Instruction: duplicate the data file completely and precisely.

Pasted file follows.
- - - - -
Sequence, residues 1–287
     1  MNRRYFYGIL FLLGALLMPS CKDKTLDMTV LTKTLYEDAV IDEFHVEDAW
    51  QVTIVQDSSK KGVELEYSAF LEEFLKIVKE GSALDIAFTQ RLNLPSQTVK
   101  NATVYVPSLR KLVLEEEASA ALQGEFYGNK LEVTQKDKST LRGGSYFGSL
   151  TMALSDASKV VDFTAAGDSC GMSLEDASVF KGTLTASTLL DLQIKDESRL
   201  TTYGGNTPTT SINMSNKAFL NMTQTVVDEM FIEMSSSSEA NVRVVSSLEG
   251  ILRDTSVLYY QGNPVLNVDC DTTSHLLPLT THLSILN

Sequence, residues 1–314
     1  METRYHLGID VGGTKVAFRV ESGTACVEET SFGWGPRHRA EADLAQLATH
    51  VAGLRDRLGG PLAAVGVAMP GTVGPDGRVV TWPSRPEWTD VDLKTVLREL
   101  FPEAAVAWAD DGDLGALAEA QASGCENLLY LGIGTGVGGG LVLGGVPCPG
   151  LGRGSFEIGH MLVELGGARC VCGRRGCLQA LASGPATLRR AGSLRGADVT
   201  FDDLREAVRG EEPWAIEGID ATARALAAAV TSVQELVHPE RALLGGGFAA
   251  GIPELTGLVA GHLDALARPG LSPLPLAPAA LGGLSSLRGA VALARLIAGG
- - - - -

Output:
Sequence, residues 1–287
     1  MNRRYFYGIL FLLGALLMPS CKDKTLDMTV LTKTLYEDAV IDEFHVEDAW
    51  QVTIVQDSSK KGVELEYSAF LEEFLKIVKE GSALDIAFTQ RLNLPSQTVK
   101  NATVYVPSLR KLVLEEEASA ALQGEFYGNK LEVTQKDKST LRGGSYFGSL
   151  TMALSDASKV VDFTAAGDSC GMSLEDASVF KGTLTASTLL DLQIKDESRL
   201  TTYGGNTPTT SINMSNKAFL NMTQTVVDEM FIEMSSSSEA NVRVVSSLEG
   251  ILRDTSVLYY QGNPVLNVDC DTTSHLLPLT THLSILN

Sequence, residues 1–314
     1  METRYHLGID VGGTKVAFRV ESGTACVEET SFGWGPRHRA EADLAQLATH
    51  VAGLRDRLGG PLAAVGVAMP GTVGPDGRVV TWPSRPEWTD VDLKTVLREL
   101  FPEAAVAWAD DGDLGALAEA QASGCENLLY LGIGTGVGGG LVLGGVPCPG
   151  LGRGSFEIGH MLVELGGARC VCGRRGCLQA LASGPATLRR AGSLRGADVT
   201  FDDLREAVRG EEPWAIEGID ATARALAAAV TSVQELVHPE RALLGGGFAA
   251  GIPELTGLVA GHLDALARPG LSPLPLAPAA LGGLSSLRGA VALARLIAGG